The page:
The Bell Jar By Sylvia Plath
Analysis of an American Novel
The Bell Jar
The Bell Jar, by Sylvia Plath, tells the story of a gifted collage student, Esther Greenwood, for seven months of her life from her time as a student guest editor at a famous fashion magazine to her return home to the suburbs of Boston, and the progressive downfall of her mental state.
There are many different themes present in The Bell Jar. Esther, the protagonist, struggles with issues commonly afflicting the women of her era. The book, set in 1953, reflects the scarcity of professional roles available to women, who were expected to merely stay home and find satisfaction in their maternal roles as housewives. Another constant theme is the factor of so-called adequacy present throughout the book. The Bell jar has often been labeled as a ?protest? towards the expectations women of the time that were necessary to fulfill in order to be considered both normal and successful in Society.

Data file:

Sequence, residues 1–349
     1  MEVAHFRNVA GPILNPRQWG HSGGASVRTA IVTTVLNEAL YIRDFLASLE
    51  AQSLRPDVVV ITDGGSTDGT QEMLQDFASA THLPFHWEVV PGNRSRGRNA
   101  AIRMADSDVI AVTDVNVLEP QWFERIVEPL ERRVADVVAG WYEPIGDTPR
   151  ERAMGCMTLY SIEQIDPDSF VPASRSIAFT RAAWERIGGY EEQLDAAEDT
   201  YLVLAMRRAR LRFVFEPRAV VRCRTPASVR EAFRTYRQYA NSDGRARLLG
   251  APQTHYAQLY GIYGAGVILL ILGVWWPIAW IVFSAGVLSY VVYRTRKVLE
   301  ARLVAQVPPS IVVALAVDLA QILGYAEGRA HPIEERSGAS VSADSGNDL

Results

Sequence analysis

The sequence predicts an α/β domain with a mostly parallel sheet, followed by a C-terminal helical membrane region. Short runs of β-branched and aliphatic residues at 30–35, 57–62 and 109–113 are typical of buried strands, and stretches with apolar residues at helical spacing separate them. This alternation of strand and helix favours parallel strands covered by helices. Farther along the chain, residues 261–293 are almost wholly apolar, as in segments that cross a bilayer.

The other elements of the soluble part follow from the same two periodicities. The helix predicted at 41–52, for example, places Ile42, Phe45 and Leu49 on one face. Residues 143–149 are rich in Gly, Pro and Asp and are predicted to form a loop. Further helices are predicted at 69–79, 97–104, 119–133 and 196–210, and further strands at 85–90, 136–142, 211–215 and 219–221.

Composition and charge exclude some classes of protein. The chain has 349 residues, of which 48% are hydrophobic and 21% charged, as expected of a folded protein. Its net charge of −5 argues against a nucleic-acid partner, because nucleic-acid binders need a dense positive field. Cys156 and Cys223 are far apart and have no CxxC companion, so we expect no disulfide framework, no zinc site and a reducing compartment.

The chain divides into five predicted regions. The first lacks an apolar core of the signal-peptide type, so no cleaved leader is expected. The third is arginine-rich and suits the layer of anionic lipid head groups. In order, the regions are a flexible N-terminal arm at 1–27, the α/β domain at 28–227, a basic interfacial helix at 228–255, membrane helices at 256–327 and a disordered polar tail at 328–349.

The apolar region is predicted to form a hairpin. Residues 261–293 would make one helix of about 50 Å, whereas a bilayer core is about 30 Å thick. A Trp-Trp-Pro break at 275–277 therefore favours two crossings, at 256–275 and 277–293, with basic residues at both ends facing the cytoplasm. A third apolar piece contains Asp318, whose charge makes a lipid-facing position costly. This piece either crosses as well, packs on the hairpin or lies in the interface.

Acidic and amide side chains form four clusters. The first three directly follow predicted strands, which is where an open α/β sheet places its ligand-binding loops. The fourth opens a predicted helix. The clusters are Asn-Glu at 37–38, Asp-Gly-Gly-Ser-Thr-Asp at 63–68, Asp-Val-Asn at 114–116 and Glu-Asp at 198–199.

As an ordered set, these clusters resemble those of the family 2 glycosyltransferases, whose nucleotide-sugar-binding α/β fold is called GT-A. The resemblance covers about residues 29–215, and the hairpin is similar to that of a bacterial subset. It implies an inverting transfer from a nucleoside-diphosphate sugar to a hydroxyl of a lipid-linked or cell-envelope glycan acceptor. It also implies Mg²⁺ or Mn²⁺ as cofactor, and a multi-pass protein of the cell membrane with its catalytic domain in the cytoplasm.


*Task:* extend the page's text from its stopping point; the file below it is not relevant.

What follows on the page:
Within these themes, Plath also uses literary elements to convey her message, such as symbolism, metaphors and parallelism, the latter being the most prevalent. For example, Plath starts the book detailing the recent events of the Rosenberg?s execution. At the time, it was an
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